(COLUMBIA, Tenn. – Sept. 23, 2019) - - -On September 25 Columbia State Community College kicks off its thirty-third annual “Celebrating Our American Heritage” lecture series with “1619: Fateful Beginnings that Altered the Course of America” at 4 p.m. in the Ledbetter Auditorium.
Inspired by the New York Times“1619 Project,” Columbia State faculty members Dr. Anna Duch, Columbia State assistant professor of history and medieval historian; Luke Truxal,Columbia State adjunct professor of history; Shelley Manns, assistant director of learning support and associate professor of English; Dr. Stuart Lenig, professor of communications and drama; and Greg Mewbourn, Columbia State assistant professor of history, mark the 400thanniversary of the arrival of twenty African slaves in the English colony of Virginia with a discussion of the introduction of slavery to America.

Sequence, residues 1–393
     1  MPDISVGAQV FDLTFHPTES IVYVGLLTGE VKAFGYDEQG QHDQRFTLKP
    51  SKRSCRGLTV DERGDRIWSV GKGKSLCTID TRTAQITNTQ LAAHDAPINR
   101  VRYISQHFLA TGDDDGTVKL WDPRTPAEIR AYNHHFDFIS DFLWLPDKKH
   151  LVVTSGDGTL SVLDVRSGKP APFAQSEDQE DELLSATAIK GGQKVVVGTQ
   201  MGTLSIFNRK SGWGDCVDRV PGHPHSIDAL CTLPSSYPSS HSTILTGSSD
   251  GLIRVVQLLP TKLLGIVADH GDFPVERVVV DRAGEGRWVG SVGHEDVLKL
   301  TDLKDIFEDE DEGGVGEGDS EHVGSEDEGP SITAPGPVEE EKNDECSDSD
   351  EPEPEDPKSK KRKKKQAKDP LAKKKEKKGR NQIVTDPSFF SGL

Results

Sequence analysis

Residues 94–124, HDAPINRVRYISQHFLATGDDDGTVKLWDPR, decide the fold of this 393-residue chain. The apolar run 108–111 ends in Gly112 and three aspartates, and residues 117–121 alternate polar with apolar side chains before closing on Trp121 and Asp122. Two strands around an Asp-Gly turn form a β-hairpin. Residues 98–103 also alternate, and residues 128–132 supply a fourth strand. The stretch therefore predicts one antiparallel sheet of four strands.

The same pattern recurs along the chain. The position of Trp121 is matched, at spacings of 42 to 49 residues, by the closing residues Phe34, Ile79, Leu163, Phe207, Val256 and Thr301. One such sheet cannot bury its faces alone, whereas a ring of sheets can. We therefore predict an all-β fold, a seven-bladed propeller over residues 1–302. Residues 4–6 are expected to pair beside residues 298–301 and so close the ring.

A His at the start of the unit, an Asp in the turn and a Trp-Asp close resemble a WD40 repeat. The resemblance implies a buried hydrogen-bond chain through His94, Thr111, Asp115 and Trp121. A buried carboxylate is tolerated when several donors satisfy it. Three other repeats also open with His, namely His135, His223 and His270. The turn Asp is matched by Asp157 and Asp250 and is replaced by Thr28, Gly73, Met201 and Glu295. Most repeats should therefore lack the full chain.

“The introduction of African slaves to North America is arguably the most significant event in the history of the United States,” said Dr. Barry Gidcomb, Columbia State professor of history. “The short and long-term ramifications were immense. While the slaves and their descendants built this country, slavery and its residual effects have also provided a narrative for what it means to be truly free in the United States that continues to this day.”
Additional “Celebrating Our American Heritage” lectures will start in October on Wednesdays from 4 – 5:15 p.m. featuring professors from the college’s humanities department.
Inaugurated in 1987, “Celebrating Our American Heritage” is an annual series of presentations sponsored by the Columbia State Department of History designed to illuminate the past and enhance understanding of the present.
The American Heritage series lectures are free and open to the public. The Ledbetter Auditorium is in the Frank G. Clement Building located on the Columbia Campus at 1665 Hampshire Pike.